Mick and his team built Summerhill up from small beginnings with limited resources. So he knows the importance of ongoing hard work and innovation in maintaining vitality and viability in a business.
He also knows the importance of humility. This might come as a surprise to those who know of Mick Goss’s notable “gift of the gab” and marketing spiel, but anyone who hears him reflect on his success will know he’s rooted in reality and has a keen sense of the value of things he deals in - namely horses, people and money.
Mick and Summerhill take centre stage on Sunday as leading vendors on the Emperors Palace Ready To Run Sale at Gosforth Park. Mick grew up in Lusikisiki in Pondoland, the son of a farmer and trading station proprietor and the sixth generation of his family in South Africa. A forebear, also Michael Goss, came to these shores as part of an 1820 Settler Irish contingent.
As farmers, the Gosses have always lived with horses. Great-grandfather Edward was a noted horseman. Grandfather Pat bred thoroughbreds near Cedarville to feed his love of racing, and owned 1946 Durban July winner St Pauls.
Mick’s father Bryan took the reins of family farm and trading businesses, but a cardiac condition forced him to choose between farming and shop-keeping. He opted to sell the farm and move the family to a trading station at Lusikisiki.
This didn’t extinguish son Mick’s love of horses and racing.
“I knew all the racehorses in the country and their pedigrees. I knew the names of all July winners from the ’40s onwards. I was addicted to Duff’s Turf Guide,” recalls Mick. “It was my obsession.”
Mick went to Durban High School, where he excelled academically and at sport. He captained Natal Schools at rugby and won a rugby scholarship to Stellenbosch. While at varsity he represented Western Province under-20s and under-25s.
Graduating in law, he completed articles in Maritzburg, worked as an attorney and an advocate in Durban and established his own practice.
Then, after 17 years, he gave up law for racing and breeding.
His explanation for this decision? “Those of us in this game have a disease, that’s all there is to it. There were many times in the next 12 years when I wondered what I’d got myself into.”
The involvement started small. Mick and brother Pat decided to breed horses part-time. Their first mare purchase was Cosy Rosy in 1977.
Mick and Pat’s father had bequeathed them an unraced horse called Heliotriope, who won his second start in 1978.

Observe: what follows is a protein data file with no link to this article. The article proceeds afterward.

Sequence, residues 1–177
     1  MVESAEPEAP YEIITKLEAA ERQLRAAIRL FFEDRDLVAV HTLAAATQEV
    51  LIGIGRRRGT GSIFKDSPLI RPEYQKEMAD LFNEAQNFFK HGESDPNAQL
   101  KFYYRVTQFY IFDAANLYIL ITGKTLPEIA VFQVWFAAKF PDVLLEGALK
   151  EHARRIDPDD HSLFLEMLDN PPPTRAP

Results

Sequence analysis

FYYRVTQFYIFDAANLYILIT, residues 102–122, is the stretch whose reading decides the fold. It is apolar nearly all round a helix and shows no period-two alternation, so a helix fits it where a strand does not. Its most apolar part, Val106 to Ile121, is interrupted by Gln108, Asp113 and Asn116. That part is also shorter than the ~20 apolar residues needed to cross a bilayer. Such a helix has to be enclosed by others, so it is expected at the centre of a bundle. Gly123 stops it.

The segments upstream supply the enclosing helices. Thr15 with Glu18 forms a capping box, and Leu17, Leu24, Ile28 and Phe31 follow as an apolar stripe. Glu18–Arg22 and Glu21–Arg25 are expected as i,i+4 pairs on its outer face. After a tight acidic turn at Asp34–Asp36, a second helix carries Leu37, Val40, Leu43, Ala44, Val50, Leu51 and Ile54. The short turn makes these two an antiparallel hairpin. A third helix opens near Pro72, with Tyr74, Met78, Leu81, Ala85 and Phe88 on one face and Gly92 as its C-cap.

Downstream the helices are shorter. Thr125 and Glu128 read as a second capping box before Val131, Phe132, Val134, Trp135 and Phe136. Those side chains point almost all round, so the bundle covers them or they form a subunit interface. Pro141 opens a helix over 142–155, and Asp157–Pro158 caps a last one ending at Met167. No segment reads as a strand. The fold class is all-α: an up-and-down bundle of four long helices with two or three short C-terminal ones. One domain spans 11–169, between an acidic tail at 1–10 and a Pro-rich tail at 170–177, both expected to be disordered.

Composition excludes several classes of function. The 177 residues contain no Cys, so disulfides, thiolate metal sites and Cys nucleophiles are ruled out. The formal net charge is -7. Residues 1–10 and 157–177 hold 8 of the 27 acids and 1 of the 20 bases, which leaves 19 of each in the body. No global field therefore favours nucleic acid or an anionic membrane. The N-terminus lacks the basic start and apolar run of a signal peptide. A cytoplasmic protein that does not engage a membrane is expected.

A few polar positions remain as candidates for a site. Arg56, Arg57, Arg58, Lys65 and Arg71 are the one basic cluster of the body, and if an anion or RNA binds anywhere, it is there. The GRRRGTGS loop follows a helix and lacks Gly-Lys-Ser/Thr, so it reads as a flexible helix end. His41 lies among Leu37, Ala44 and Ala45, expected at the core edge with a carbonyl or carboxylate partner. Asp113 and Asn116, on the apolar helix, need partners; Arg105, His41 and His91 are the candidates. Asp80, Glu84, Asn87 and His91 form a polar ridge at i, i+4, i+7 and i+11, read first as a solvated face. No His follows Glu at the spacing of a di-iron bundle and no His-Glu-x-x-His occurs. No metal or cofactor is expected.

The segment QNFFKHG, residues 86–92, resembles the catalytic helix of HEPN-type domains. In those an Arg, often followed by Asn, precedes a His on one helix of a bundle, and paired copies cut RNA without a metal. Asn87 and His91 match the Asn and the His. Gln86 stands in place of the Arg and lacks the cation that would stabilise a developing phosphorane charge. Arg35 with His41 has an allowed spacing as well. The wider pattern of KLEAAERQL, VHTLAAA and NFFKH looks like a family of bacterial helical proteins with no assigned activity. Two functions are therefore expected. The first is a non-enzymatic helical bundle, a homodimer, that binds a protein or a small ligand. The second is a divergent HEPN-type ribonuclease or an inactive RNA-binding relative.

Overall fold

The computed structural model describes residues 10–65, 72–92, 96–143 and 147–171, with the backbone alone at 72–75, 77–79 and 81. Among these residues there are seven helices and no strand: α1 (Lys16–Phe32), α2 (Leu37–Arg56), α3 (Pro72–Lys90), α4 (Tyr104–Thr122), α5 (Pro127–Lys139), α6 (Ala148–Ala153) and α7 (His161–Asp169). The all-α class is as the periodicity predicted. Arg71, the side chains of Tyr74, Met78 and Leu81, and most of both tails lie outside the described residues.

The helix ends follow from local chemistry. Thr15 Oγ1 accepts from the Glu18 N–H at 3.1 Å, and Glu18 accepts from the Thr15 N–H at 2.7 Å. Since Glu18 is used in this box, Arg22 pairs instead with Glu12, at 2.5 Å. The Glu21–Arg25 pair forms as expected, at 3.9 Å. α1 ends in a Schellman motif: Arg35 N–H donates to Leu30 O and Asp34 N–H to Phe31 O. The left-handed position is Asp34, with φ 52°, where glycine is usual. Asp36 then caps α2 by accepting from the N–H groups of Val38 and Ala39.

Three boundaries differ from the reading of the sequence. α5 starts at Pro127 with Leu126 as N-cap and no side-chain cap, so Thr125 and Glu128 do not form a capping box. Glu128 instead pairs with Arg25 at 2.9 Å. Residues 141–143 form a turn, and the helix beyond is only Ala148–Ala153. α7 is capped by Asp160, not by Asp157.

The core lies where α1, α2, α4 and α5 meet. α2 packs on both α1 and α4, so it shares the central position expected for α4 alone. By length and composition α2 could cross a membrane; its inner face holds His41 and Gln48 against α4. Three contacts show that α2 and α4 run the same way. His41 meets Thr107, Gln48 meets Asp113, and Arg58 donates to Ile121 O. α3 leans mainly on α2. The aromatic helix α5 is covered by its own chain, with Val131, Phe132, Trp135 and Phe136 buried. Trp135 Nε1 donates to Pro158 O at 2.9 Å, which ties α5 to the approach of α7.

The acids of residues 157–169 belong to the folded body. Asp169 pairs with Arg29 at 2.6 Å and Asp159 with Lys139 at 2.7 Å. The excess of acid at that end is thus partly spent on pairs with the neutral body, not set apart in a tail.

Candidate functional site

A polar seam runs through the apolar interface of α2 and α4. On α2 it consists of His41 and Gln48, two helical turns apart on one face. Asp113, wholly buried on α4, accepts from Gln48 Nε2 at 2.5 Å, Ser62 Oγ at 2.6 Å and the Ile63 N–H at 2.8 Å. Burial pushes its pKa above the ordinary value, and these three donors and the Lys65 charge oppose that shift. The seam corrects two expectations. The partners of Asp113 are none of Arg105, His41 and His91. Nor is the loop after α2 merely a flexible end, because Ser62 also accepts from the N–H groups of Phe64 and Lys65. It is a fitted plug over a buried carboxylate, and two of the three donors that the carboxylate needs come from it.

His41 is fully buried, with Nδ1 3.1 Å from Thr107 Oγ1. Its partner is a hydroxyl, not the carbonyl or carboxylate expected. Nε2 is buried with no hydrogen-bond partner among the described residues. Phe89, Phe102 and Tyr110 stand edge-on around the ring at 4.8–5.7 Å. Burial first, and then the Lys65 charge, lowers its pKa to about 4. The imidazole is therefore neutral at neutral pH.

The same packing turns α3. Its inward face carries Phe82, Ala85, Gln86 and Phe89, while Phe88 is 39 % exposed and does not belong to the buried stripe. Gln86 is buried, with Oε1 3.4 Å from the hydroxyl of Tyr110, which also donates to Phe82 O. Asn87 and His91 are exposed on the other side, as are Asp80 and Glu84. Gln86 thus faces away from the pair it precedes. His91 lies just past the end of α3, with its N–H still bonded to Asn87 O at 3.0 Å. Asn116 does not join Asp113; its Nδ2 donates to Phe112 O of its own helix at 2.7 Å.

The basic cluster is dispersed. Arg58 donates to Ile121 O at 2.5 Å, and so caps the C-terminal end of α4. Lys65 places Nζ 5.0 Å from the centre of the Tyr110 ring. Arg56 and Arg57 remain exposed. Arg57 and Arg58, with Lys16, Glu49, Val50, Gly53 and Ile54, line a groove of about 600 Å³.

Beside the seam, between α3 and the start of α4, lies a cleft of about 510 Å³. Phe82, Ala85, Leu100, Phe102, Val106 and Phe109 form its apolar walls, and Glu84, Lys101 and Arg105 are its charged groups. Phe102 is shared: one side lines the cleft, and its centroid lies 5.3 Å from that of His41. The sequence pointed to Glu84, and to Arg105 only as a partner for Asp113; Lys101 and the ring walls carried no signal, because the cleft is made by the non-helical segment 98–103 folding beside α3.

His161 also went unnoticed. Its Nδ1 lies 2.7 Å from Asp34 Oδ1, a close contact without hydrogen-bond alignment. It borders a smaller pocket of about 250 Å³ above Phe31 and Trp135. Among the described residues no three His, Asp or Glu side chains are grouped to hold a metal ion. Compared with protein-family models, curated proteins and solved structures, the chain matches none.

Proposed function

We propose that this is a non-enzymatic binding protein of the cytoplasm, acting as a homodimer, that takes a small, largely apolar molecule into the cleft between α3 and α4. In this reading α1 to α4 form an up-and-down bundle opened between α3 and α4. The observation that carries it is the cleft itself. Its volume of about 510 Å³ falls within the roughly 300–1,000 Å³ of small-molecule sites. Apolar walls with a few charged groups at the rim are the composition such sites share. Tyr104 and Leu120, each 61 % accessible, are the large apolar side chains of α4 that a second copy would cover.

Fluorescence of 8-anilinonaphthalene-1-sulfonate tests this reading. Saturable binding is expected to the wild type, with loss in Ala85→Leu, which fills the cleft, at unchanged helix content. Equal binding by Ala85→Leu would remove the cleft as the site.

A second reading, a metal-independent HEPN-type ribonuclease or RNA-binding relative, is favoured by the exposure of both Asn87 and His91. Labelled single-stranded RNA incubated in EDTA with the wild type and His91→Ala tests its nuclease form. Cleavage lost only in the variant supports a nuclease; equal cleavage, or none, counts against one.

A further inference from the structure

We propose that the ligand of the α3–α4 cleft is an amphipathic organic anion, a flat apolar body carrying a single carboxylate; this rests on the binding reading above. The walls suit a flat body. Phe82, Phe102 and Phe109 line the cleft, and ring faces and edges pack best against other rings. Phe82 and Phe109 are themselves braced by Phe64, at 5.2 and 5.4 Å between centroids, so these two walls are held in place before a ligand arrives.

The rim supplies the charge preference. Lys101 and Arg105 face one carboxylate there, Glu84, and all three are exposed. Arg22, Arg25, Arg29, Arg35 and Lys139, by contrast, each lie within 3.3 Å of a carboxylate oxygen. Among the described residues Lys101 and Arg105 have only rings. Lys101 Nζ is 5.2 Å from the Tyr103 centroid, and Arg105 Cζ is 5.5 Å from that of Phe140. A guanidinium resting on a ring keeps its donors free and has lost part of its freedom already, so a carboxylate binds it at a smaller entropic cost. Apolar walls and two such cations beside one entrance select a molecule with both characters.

“At that time I’d just won a scholarship to the USA. At the interview confirming this, I was asked, ‘Is this the best day of your life’. I had to answer, ‘No, that was yesterday when I had my first winner on the racecourse’.”
His next purchase was the filly Pagoda, who became a seven-time winner. “If I wasn’t hooked on racing by then, that was tickets and tax,” he chuckles.
Each year in the early 1980s, Mick and Pat bought two fillies to race, then breed. Of their first eight, five produced stakes winners.
Among these foundation mares were Coconut Ice, who got the useful Bianconi; and Final Wonder, who got Bloodline Million winner Last Watch.
The early horses still have family at Summerhill to this day.
“This history tells you that this game isn’t Russian Roulette,” says Mick. “If you work hard at selecting well and have an end game in mind, you can achieve it.” A guiding principle of Summerhill has been the building of family bloodlines. “I hear plaintive cries from my managers to get rid of certain mares. I reply that we are family-building. One year I was advised to sell two mares. I refused and they went on to give us Icy Air and Amphitheatre - both national champions.”
This is not to say Summerhill doesn’t closely monitor what mares throw and prunes poor genes where necessary.
The Goss name was first tied to that of Summerhill when the brothers sent broodmares to board at the then small Midlands stud farm. It was adjacent to Hartford, the Ellis family’s illustrious stud from whence had emerged the great Mowgli, Cape Heath and Magic Mirror.
Mick and his wife Cheryl first moved on to Summerhill in 1979. A syndicate was formed to buy the property and Mick got a 6.25% share in lieu of his transfer legal work.
Thereafter, he and Pat gradually bought out the partners. In 1987 Mick bought out Pat, who was launching a store chain.
Next-door Hartford was acquired in a swap - Mick’s old Hillcrest home for the legendary estate - after latter Ellis generations decided farming wasn’t for them.
In 1983 Summerhill received its greatest blessing in the form of stallion Northern Guest.
Mick and Pat had gone to England to buy a mare from Queen Elizabeth. “We didn’t bugger around” - and tagged on a trip to Ireland, land of their ancestors, to find a service for the acquisition. Mick spotted “the most charismatic animal I’d set eyes on”.
The brothers bought Northern Guest for a whopping R400,000, way beyond their means, persuading themselves they would syndicate the animal back home.
No such luck. Fellow breeders snubbed them, maybe in an attempt at competitive sabotage. Eventually they sold shares to invited rich individuals, but bought back whenever they could afford it.